House Bill 4335: An Act to reform the issuance and sale of sports and entertainment tickets


H4335 was reported favorably by the House of Representatives Joint Committee on Consumer Protection and Professional Licensure Committee, and referred to the committee on House Ways and Means. The bill combines elements of H237, by Rep. Moran, and S142, by Sen. Eldridge, to create a single bill that would protect Massachusetts consumers.


House Bill 4335 addresses the key issues which NEFTA has been working to reform:


  • Price Caps: H4335 removes the two dollar above face value price cap on resold tickets. Under current law, when a fan resells a ticket over the price cap, it is illegal, while there are loopholes in the laws that allow certain businesses to charge “reasonable service fees.” This law creates a confusing grey market for businesses, while not allowing fans the same rights.
    If a fan needs to sell a ticket at the last minute, the best place to do that is outside the venue; however, fans have to look over their shoulders for fear of being caught breaking an archaic law. Additionally, with the advent of the internet, this type of law has become virtually impossible to enforce, and the cost of enforcement would greatly outweigh any public benefit. This bill would significantly curb the black market for reselling tickets and lead to more competition on the secondary market keeping prices and fees down while making it safer, fairer and more competitive for fans and small businesses.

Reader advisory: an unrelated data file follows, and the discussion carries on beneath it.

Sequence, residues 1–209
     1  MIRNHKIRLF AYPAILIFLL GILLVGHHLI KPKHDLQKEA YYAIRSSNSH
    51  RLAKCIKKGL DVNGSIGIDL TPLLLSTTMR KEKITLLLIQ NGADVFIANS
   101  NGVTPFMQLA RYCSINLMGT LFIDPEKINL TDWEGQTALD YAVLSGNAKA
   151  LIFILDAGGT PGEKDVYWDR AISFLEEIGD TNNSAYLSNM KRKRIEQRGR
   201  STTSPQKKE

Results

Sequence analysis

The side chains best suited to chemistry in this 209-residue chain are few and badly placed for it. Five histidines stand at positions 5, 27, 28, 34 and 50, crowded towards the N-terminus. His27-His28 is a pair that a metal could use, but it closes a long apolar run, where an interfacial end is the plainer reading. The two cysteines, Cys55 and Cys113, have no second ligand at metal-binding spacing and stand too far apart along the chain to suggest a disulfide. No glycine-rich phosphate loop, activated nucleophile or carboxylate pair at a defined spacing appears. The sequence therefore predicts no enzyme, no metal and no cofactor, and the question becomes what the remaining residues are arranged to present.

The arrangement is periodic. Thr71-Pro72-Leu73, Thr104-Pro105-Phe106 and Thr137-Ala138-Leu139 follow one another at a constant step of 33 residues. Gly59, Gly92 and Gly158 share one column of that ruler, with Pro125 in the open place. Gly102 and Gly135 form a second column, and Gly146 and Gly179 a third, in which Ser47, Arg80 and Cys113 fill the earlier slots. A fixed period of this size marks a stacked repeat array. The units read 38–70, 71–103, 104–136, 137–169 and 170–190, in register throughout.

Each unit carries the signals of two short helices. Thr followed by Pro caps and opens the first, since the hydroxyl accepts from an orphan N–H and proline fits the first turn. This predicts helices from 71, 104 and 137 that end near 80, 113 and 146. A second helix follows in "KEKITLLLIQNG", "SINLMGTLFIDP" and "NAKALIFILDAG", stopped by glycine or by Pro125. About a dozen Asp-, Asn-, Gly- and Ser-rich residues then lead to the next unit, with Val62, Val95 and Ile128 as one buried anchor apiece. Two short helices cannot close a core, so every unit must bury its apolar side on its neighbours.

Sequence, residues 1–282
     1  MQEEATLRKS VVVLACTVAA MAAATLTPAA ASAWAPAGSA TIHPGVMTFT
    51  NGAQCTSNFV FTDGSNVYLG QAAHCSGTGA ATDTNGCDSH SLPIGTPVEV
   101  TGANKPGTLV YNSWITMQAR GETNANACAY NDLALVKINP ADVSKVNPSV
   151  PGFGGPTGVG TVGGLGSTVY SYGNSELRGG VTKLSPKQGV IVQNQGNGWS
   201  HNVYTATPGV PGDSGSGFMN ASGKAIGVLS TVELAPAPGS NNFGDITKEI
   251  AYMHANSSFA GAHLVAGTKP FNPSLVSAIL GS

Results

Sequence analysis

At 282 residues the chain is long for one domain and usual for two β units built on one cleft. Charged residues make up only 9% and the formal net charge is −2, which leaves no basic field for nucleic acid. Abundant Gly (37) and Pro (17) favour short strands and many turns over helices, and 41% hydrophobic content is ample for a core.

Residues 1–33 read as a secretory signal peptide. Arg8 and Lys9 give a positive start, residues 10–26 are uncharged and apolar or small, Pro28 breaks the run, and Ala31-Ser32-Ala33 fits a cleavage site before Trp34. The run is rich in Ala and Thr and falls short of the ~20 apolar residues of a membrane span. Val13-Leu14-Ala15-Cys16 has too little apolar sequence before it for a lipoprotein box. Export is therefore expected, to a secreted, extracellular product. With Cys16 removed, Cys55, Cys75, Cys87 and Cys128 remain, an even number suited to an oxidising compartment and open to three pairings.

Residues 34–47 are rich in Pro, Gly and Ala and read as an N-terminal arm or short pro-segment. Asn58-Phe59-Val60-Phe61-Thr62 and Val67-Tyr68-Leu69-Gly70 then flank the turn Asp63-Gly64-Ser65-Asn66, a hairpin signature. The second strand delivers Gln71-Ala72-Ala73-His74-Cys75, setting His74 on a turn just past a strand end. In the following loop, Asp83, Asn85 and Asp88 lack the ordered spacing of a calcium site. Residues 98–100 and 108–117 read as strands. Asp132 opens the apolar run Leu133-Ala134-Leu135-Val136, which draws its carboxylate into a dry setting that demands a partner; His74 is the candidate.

• Restricted Tickets: H4335 would ban restricted ticketing (also known as paperless ticketing or credit card entry ticketing). The bill simply would require all ticket companies to offer an opt-out option whenever restricted tickets are offered. Anyone who chooses to opt out of restricted tickets would instead receive a mobile or physical ticket. Restricted ticketing is bad for fans, businesses and non-profits because the tickets are completely non-transferrable which means they cannot be resold, given to a friend or donated to a charity. Although restricted ticketing is advertised as an anti-scalping measure, the costs far outweigh any small anti-scalping measure the practice provides.


  • Bots: H4335 prohibits the use of automated ticket buying systems with the purpose of reselling purchased tickets. Robotic ticket-buying software (bots) is anti-consumer and anti-fan. They are used to unfairly snatch up large quantities of tickets as soon as they go on sale. These tickets are then resold on the secondary market, for far over face value, before actual fans ever have the opportunity to purchase them on the primary market.


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